This is a No Man is an Island film review written in collaboration with Cinema Escapistas part of coverage of the 2023 Bucheon International Fantastic Film Festival (BIFAN). Keep an eye out for more!
REWIND, PAUSE, THEN PLAY is an insightful documentary look at the videotape and its history, specifically in the South Korean context.
In many ways, Rewind, Pause, Then Play is concerned with the history of the analogue in the age of the digital. Videotapes, after all, are physical media for storing images and film.
Before the rise of the internet made it easy to share images and video online, the physicality of the videotape was a necessary prerequisite to distributing video. In particular, this resulted in collectors hoarding videos because of the rarity of the images contained within, or ideas and influential visuals spreading along with the circulation of video tapes. But videotapes have not been reappropriated as collector items in the manner of records or LPs.
Photo courtesy of BIFAN
Rewind, Pause, Then Play mostly combines interviews with Korean filmmakers and artists with archival footage. Interviews often touch upon shifting trends in visual culture or filmmaking, as tied up with the spread of certain movies or images, such as art films from Europe that entered South Korea in this way. This dovetailed with the political history of South Korea in an age of authoritarian unrest, when the circulation of certain movies was banned, and it was difficult to obtain foreign films. What emerges through Rewind, Pause, Then Play is the extent to which South Korean filmmakers and artists were in dialogue with the international world in spite of authoritarian repression during this period; the medium through which this took place was the videotape.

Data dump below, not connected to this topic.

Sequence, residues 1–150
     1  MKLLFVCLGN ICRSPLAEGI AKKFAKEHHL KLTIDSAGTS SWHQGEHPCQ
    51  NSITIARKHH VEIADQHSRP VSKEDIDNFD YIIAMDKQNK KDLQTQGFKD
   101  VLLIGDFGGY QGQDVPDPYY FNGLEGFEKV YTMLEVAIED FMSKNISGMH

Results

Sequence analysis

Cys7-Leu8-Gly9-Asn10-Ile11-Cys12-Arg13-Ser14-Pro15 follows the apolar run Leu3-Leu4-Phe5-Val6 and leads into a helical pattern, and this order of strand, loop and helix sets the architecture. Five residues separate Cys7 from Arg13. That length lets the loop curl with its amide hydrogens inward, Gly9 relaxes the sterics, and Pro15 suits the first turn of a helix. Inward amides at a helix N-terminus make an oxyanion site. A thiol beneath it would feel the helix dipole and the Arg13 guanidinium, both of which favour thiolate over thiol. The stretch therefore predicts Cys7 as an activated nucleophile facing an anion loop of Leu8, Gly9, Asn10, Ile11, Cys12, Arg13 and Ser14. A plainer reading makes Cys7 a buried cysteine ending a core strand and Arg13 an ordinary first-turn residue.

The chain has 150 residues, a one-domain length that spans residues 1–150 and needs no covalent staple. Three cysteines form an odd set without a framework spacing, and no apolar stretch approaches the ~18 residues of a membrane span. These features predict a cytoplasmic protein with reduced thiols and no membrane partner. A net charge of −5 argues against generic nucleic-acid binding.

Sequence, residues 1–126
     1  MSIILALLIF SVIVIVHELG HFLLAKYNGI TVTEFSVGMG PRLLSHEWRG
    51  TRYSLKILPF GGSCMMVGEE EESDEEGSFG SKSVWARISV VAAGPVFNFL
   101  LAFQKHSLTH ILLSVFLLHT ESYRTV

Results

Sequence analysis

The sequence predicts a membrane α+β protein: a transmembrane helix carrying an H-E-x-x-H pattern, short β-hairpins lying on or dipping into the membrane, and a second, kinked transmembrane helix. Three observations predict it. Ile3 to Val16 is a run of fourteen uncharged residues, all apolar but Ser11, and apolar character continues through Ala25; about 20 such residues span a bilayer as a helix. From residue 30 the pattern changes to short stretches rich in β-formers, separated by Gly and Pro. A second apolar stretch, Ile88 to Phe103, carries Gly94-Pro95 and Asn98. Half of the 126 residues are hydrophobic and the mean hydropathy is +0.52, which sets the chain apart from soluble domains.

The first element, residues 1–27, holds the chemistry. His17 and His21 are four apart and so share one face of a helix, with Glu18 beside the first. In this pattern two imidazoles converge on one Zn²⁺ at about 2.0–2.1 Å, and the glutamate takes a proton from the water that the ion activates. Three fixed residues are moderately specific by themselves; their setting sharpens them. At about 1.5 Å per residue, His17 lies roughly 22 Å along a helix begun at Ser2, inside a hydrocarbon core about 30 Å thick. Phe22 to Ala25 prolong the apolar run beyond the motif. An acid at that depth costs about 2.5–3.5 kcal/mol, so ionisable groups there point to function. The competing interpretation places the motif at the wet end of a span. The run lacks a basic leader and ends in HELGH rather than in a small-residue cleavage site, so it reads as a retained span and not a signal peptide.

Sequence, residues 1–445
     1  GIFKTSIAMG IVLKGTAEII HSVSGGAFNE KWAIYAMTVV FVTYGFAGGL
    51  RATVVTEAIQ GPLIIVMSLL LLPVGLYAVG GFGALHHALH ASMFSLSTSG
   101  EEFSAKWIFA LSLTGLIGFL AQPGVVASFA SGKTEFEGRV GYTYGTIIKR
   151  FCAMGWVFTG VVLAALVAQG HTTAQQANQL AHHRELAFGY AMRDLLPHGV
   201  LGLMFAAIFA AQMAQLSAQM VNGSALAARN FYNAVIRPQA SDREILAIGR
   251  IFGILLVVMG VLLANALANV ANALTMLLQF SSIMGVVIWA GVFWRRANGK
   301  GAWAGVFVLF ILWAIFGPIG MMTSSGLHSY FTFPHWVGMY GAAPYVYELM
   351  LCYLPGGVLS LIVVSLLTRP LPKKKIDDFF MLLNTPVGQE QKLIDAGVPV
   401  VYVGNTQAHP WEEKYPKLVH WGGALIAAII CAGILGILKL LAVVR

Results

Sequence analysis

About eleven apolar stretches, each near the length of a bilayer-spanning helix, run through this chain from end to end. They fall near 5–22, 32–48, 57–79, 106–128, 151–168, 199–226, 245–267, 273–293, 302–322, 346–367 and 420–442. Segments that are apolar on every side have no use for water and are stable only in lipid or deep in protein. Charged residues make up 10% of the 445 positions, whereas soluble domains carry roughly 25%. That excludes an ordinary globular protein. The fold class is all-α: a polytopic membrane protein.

Artists and filmmakers interviewed for the documentary sometimes reflect on the influential texts of their period, but most oftentimes those l texts and referents were circulated on videotapes themselves. There is perhaps an element of nostalgia to this, in that the interview subjects are reflecting on when they were young.
But part of the intent of the film may be to shed some light on this period for those who have only grown up in the age of the digital. Certainly, this seems to be one of the aims of sections of the film dealing with the rise of differing video formats such as the short-lived Beta tape, as promoted by competing electronics companies.
Rewind, Pause, Then Play gets lost in the midst of its many interviews at times, with no real narrative emerging from the interviews or archival footage used to supplement them. Likewise, though one does not need to watch the film with significant knowledge of Korean history, being familiar with the details of the period would make the watch all the more enriching.
But, either way, the documentary is insightful nonetheless. What Rewind, Pause, Then Play does well is combining a political history of South Korea with the history of a specific analogue medium. Though the film is likely best watched by those that already know something about Korea, it is interesting nonetheless.